• The second group—called both Arians and semi-Arians—in large part followed Arius' teachings but avoided invoking his name. In another compromise wording, they described the Son as being "like" the Father (homoios).
  • A third, overtly Arian, group described the Son as unlike (anomoios) the Father and condemned the compromisers as heretics.

Some bishops, of course, did not fall neatly into any of the above categories. Meanwhile, some among the now persecuted Nicene group stubbornly rejected any formula but the original one, which they deemed to be inspired by the Holy Spirit. Coalitions between semi-Arian and moderate Nicene bishops waxed and waned, while other semi-Arians found allies among their more strict Arianist brethren.

No less than fourteen creedal formulas were adopted in formal Church councils throughout the Empire between 340 and 360. The pagan observer Ammianus Marcellinus commented sarcastically: "The highways were covered with galloping bishops." Constantius hoped the matter would be finally settled at the twin councils of Rimini(Italy) and Seleucia (Turkey) in 359-360. The formula adopted, however, proved unacceptable to even moderate Nicenes, while the semi-Arian group explained:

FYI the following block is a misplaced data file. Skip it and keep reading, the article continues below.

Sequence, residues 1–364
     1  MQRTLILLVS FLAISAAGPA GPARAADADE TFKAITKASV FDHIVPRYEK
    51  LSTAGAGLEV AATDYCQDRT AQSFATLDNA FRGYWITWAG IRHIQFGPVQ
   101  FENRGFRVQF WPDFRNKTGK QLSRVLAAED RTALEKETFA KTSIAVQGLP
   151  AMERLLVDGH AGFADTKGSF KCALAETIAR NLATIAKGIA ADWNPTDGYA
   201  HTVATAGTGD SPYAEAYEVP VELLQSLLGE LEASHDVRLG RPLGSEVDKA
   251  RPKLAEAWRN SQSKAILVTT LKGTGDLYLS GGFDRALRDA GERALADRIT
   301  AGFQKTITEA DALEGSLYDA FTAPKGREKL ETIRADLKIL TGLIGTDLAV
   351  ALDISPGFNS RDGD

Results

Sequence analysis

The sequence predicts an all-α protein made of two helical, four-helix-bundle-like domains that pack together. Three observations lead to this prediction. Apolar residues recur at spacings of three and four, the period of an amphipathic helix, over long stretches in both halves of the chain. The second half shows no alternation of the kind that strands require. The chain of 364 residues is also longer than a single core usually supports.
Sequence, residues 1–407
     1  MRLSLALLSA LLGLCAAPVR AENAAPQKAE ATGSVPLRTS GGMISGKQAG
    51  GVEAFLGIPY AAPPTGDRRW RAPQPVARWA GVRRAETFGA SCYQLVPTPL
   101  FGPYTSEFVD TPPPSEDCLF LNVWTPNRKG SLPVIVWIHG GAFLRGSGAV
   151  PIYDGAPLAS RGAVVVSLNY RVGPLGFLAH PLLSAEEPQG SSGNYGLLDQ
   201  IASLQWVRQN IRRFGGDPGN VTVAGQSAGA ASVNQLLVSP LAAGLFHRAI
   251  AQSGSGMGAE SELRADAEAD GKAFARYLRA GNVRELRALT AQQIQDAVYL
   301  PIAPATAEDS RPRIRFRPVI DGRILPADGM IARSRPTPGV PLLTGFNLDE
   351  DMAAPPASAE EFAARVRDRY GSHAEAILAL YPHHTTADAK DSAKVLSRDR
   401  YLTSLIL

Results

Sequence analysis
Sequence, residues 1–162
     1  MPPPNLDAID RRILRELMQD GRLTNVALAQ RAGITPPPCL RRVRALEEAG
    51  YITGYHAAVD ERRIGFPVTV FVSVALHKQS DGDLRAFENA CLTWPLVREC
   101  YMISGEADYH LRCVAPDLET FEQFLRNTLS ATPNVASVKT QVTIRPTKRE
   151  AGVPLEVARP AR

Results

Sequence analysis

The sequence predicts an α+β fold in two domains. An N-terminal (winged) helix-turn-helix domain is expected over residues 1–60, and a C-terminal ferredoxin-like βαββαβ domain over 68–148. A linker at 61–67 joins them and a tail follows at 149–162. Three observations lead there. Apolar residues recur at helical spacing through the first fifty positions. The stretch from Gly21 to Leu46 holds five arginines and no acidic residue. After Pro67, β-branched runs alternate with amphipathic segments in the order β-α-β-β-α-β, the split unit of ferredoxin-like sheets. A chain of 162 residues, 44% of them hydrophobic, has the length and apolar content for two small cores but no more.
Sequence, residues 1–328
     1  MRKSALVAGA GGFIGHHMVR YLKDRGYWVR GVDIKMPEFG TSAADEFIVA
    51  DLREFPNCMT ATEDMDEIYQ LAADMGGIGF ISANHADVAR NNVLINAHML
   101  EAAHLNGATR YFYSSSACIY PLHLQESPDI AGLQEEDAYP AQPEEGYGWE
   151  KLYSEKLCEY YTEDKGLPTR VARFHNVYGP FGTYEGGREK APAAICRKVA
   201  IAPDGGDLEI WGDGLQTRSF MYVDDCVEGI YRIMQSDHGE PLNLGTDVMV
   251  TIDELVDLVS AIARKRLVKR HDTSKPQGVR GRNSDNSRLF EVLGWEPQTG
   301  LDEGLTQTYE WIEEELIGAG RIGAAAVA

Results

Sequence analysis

Whereas the term 'essence,' (ousia) has been adopted (by) the Fathers in simplicity, and gives offence as being misconceived by the people, and is not contained in the Scriptures, it has seemed good to remove it, that it be never in any case used of God again, because the divine Scriptures nowhere use it of Father and Son. But we say that the Son is like (homoios) the Father in all things, as also the Holy Scriptures say and teach.

Saint Jerome remarked that the world "awoke with a groan to find itself Arian."

After Constantius' death in 361, Bishop Liberius of Rome declared the above-mentioned councils null and void. Meanwhile, Constantius' successor Julian the Apostate, a devotee of paganism, declared that the empire would no longer favor one church faction over another. He allowed all exiled bishops to return. With no political consequences at stake for expressing previously unacceptable views, the Nicene formula re-emerged as a rallying point for many bishops, particularly in the West.

The next emperor, Valens, however, revived Constantius' policy and supported the "Homoian" party, exiling opposing bishops and often using force. Many Nicene bishops were exiled to the other ends of the Empire. These contacts, paradoxically, contributed to a rapprochement between the Western supporters of the Nicene creed and the Eastern semi-Arians.

Theodosius and the Council of Constantinople